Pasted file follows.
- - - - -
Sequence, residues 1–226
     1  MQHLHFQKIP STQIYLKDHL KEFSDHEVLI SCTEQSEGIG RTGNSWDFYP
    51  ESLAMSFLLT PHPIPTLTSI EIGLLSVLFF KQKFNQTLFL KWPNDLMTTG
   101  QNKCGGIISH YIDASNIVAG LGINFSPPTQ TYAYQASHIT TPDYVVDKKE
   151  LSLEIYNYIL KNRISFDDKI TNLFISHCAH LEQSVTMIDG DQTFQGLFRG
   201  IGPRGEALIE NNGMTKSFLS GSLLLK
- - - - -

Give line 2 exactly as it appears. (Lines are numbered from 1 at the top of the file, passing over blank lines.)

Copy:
     1  MQHLHFQKIP STQIYLKDHL KEFSDHEVLI SCTEQSEGIG RTGNSWDFYP